Thursday, June 9, 2016

The Perfect Amazon-Proof Retail Trade Business Model

June 9, 2016
Barron's: Why TJX & Ross Stores are Amazon Proof

1. Brick and mortar.
2. Sells clothing.

Over the long-term, what more proof do you need?

Yes, (AMZN) and other online retailers are taking a bigger shares of the apparel business–but so far off-price retailers like TJX Cos (TJX), Burlington Stores (BURL), and Ross Stores (ROST) appear to be thriving.

Come to think of it, I'm not sure "so far" and "appear to be" qualify as proof. My bad. Sorry about that.

I'm determined to not leave you empty handed though. You came here looking for the perfect business model. I shall not disappoint!

Gasoline stations have fended off Amazon so far, and appear to be safe over the long-term.

Dammit. I did it too. It's just that I can envision Amazon drones spewing gasoline at my car someday, using advanced AI while attempting to fill my tank.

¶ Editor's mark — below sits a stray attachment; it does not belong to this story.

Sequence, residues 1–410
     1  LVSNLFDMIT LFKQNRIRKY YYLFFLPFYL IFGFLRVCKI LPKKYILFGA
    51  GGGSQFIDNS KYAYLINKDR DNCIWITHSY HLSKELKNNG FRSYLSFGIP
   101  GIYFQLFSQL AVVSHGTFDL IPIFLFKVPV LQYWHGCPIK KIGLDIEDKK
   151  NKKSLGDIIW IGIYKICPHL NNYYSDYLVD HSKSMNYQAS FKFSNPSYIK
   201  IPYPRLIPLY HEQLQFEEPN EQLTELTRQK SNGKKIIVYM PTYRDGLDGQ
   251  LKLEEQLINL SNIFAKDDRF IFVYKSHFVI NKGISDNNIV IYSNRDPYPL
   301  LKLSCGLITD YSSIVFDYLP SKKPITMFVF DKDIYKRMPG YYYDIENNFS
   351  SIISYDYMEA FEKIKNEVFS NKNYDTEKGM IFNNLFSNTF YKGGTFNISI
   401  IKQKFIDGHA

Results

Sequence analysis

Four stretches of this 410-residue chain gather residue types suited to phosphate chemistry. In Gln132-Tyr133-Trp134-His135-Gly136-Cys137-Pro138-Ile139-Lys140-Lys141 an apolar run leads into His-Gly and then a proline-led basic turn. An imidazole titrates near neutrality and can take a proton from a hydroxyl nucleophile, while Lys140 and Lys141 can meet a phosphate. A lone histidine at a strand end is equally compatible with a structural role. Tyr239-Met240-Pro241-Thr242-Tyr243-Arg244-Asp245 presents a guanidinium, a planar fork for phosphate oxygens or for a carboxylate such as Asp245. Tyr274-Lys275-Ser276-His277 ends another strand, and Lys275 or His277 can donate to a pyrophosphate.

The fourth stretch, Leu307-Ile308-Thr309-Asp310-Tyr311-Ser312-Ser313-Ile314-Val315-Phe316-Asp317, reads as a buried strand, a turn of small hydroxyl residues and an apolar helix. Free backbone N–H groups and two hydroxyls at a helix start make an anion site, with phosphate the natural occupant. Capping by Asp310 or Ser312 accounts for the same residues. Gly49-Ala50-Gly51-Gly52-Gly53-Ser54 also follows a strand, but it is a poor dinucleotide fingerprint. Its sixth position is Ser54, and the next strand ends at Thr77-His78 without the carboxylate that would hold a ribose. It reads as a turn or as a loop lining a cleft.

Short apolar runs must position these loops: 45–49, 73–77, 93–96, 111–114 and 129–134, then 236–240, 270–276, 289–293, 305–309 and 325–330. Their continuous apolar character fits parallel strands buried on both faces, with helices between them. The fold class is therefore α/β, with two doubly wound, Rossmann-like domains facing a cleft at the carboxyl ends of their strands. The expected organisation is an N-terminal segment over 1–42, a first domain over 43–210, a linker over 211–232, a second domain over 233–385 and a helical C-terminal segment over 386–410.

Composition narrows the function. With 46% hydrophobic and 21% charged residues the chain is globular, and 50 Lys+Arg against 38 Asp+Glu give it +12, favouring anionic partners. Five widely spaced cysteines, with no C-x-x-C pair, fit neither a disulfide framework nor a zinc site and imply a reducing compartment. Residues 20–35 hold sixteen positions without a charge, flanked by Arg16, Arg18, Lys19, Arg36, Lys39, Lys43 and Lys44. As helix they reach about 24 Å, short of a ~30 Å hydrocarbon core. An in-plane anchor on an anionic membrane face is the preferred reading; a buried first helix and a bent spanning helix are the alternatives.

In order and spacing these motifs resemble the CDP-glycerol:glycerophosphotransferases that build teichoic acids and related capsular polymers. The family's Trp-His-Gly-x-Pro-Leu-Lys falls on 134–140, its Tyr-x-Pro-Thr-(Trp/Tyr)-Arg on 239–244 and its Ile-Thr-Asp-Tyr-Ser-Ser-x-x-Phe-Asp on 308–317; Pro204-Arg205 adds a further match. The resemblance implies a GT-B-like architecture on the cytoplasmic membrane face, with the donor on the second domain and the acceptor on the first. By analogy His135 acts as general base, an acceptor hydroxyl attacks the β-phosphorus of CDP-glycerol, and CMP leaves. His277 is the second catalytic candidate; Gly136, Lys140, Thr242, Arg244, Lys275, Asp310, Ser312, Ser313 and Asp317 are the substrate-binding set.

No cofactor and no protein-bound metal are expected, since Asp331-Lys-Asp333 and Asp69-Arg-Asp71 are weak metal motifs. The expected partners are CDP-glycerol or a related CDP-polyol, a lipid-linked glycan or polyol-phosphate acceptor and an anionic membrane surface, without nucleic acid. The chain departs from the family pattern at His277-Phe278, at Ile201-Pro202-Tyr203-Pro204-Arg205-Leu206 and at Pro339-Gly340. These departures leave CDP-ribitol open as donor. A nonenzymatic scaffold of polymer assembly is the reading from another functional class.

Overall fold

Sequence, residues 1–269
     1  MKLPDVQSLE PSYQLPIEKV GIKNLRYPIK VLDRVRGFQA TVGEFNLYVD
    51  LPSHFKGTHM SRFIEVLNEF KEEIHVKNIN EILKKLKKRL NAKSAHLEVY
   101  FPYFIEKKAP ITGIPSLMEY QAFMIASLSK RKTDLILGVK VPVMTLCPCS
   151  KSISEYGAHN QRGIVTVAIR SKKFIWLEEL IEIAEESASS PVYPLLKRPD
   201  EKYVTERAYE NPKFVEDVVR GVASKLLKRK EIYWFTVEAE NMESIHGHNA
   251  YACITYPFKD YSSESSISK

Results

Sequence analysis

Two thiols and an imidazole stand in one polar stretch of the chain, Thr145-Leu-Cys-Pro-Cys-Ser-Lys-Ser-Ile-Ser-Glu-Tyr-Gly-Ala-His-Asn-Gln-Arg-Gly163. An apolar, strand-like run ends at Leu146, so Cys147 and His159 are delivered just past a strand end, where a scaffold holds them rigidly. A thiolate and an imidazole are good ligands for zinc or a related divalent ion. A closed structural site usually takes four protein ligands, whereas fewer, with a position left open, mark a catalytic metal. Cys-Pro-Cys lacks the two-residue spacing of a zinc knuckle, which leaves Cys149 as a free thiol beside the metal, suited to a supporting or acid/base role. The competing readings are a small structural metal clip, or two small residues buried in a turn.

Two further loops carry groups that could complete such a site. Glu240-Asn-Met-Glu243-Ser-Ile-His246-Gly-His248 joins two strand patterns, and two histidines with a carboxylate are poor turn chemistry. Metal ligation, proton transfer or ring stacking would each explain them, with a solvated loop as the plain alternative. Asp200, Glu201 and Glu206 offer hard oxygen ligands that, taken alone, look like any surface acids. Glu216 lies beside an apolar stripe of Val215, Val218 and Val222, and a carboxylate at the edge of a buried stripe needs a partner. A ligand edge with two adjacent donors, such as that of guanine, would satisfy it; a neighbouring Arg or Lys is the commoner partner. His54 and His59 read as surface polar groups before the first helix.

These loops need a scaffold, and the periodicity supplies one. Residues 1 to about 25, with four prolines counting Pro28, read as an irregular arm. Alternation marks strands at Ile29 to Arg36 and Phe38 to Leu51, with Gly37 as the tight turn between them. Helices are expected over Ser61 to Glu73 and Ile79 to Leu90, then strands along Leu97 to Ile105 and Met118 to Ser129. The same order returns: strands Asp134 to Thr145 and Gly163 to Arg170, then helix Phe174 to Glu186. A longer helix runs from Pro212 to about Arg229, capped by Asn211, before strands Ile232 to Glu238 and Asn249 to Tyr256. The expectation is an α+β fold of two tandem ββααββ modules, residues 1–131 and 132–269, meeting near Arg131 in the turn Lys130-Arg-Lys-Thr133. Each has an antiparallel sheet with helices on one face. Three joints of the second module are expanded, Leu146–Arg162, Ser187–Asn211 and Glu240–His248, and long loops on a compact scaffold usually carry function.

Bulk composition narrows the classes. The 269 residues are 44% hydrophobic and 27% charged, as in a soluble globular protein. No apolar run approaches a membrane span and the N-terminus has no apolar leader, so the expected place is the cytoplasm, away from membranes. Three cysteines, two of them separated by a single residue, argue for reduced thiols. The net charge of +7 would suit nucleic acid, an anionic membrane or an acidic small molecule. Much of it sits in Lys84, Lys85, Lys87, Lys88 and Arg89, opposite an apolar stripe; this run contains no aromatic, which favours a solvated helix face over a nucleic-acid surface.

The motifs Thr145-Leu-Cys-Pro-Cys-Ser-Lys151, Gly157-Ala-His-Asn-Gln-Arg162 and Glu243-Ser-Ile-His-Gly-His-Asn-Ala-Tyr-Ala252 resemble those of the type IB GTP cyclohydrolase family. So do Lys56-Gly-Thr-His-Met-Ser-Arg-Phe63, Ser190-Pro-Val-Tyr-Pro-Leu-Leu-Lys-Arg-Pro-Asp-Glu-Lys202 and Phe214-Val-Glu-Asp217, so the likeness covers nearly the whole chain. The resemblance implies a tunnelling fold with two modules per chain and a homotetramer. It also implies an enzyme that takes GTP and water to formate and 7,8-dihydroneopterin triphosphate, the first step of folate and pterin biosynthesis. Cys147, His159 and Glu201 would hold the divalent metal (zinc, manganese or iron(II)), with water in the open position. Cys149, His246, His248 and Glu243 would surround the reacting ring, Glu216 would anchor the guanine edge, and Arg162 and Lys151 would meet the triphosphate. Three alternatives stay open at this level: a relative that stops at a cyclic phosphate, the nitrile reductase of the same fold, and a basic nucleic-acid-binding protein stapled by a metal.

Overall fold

Barring that outcome, gasoline stations really have fended off Amazon so far, and appear to be safe over the long-term though.

Dammit. I did it again? Now I'm picturing less need to drive my car because Amazon's drones keep delivering goods to my home.

Is there nothing safe? What about books? People always like to read.

Help me! I'm really clutching at straws here!


dearieme said...

Shoes. All my attempts to buy shoes online have flopped. They don't fit. Clothes are bad enough, but shoes are hopeless.

Stagflationary Mark said...



I did buy some nice hiking shoes at Dick's Sporting Goods recently. Wouldn't think of buying without trying them on first. I'm not super picky about most things I wear, but I am with my feet.

That said, once I found the right shoes, I did do something naughty. I used my phone to check if I could order them a lot cheaper online. I couldn't so I made the purchase in the store. There is a risk there, even for shoe stores.

On the one hand, good customer service could stop that.

On the other hand, the only employee I talked to was the one who rang up my order.